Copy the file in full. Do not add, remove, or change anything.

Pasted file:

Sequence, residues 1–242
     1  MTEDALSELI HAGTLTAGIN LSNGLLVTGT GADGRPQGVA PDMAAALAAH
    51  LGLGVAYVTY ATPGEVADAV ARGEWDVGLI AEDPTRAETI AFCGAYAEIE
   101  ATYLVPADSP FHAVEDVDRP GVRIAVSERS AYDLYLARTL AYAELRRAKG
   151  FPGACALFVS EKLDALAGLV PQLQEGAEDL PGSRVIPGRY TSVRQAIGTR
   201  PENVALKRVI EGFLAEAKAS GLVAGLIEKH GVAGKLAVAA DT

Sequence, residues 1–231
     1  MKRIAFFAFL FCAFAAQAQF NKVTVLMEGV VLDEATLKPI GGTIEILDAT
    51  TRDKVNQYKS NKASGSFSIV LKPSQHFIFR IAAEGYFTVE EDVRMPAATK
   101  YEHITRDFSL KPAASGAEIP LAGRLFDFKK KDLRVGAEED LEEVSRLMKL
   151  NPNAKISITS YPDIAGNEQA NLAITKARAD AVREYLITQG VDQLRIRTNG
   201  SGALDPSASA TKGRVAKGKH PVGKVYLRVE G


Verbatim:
Sequence, residues 1–242
     1  MTEDALSELI HAGTLTAGIN LSNGLLVTGT GADGRPQGVA PDMAAALAAH
    51  LGLGVAYVTY ATPGEVADAV ARGEWDVGLI AEDPTRAETI AFCGAYAEIE
   101  ATYLVPADSP FHAVEDVDRP GVRIAVSERS AYDLYLARTL AYAELRRAKG
   151  FPGACALFVS EKLDALAGLV PQLQEGAEDL PGSRVIPGRY TSVRQAIGTR
   201  PENVALKRVI EGFLAEAKAS GLVAGLIEKH GVAGKLAVAA DT

Sequence, residues 1–231
     1  MKRIAFFAFL FCAFAAQAQF NKVTVLMEGV VLDEATLKPI GGTIEILDAT
    51  TRDKVNQYKS NKASGSFSIV LKPSQHFIFR IAAEGYFTVE EDVRMPAATK
   101  YEHITRDFSL KPAASGAEIP LAGRLFDFKK KDLRVGAEED LEEVSRLMKL
   151  NPNAKISITS YPDIAGNEQA NLAITKARAD AVREYLITQG VDQLRIRTNG
   201  SGALDPSASA TKGRVAKGKH PVGKVYLRVE G